ALTHOUGH YOU’RE NO LONGER PREGNANT, YOU’RE STILL ESSENTIALLY EATING FOR TWO IF BREASTFEEDING WILL BE YOUR BABY’S PRIMARY SOURCE OF NOURISHMENT.
As milk production burns approximately 400 calories a day, the good news is that you can choose to eat a little more than usual. The most important thing about your breastfeeding diet is the necessity to find a good balance.
Tommee Tippee has the info when wondering what to eat when breastfeeding to help you achieve this balance:
- At least five portions of fruit and vegetables daily, to get those all-important vitamins and nutrients.
- Lots of fibre, as found in wholemeal bread, pasta, cereals, beans and lentils, can help with constipation and other bowel problems that are common after birth.
- Protein, such as lean meat, chicken, eggs and fish, are great for both of you. Fish is particularly good and two portions a week are recommended.
- Calcium-rich foods, such as milk, cheese and yoghurt, are an important part of your breastfeeding diet.
- Plenty of fluids. Whilst there is no definitive amount, it is always good to drink plenty of uncaffeinated, unsweetened drinks. It is also good practice to keep a drink of water within reach while breastfeeding, as it is thirsty work.
- Iron-rich foods. Breastfeeding mothers need the same amount of iron as they do during pregnancy. While the amount of iron in your breast milk won’t be affected by your intake, it is important for your health to keep your iron levels up in order to avoid anaemia and associated health problems. Red meat is the preferred source of iron for breastfeeding mothers, as iron in meat is in a form very easily and readily absorbed by the body.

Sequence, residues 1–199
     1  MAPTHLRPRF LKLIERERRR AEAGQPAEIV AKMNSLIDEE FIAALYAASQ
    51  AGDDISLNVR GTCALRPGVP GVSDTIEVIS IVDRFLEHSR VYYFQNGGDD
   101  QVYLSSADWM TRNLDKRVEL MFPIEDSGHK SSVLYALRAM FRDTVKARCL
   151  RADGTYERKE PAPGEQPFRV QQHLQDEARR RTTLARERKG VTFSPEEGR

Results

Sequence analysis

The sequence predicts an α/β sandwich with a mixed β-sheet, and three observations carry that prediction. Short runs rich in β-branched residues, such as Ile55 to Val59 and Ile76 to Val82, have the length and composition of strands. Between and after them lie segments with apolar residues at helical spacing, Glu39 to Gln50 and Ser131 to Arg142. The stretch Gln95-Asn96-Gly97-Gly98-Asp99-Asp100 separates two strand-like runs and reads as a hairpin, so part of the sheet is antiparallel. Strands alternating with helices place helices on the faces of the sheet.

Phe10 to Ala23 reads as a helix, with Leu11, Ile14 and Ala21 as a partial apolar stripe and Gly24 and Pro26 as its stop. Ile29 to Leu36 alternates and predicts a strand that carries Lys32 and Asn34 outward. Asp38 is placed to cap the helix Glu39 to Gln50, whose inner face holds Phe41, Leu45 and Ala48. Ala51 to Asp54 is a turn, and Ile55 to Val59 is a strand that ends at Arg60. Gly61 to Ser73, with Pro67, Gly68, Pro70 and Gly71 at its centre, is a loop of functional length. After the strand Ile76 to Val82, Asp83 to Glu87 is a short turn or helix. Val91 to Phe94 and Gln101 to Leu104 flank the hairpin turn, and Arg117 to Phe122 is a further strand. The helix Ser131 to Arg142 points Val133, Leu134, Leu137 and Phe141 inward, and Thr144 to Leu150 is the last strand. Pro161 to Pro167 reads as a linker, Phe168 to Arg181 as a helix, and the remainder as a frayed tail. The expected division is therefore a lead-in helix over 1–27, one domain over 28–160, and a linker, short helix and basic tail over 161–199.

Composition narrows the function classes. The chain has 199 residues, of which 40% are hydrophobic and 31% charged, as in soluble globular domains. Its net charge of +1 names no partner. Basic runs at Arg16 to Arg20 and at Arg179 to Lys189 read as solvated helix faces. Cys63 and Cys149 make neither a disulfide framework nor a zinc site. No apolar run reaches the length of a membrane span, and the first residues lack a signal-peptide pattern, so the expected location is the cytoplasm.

It is important to also point out what not to eat when breastfeeding when looking at your diet during this period of your life. Here’s a few things that should not be on the menu just yet:
More than two portions of oily fish (mackerel, sardines, trout, fresh tuna) can be harmful, as they contain small amounts of pollutants. Shark and other exotic fish should be avoided too, as they contain mercury.
Coffee, tea, chocolate, soft drinks, energy drinks and certain medicines all contain caffeine which can harm your baby and keep them awake. Caffeine intake should be occasional at most, and certainly not daily.
There are conflicting opinions regarding nuts and other highly allergenic foods. Many believe they should be avoided, especially if you have a history of allergies in your family. However, there is a school of thought that suggests having nuts in the diet can help to develop exposure and, as a result, reduce the chance your child will develop an allergy. Consult your doctor for more information.
Certain herbal teas and medicines should be avoided – always read the label to be on the safe side. Teas with ingredients used in cooking, such as fennel, camomile and peppermint, are generally okay.
Aspirin, codeine, phenylephrine and guaifenesin are not advised. Contact your doctor for a suitable substitute.
A balanced diet should give you all that you and your baby needs. However, if you don’t get much daily sunshine then one of the best supplements to add to your breastfeeding diet is Vitamin D. Look in the pharmacy for one designed specifically for breastfeeding mums.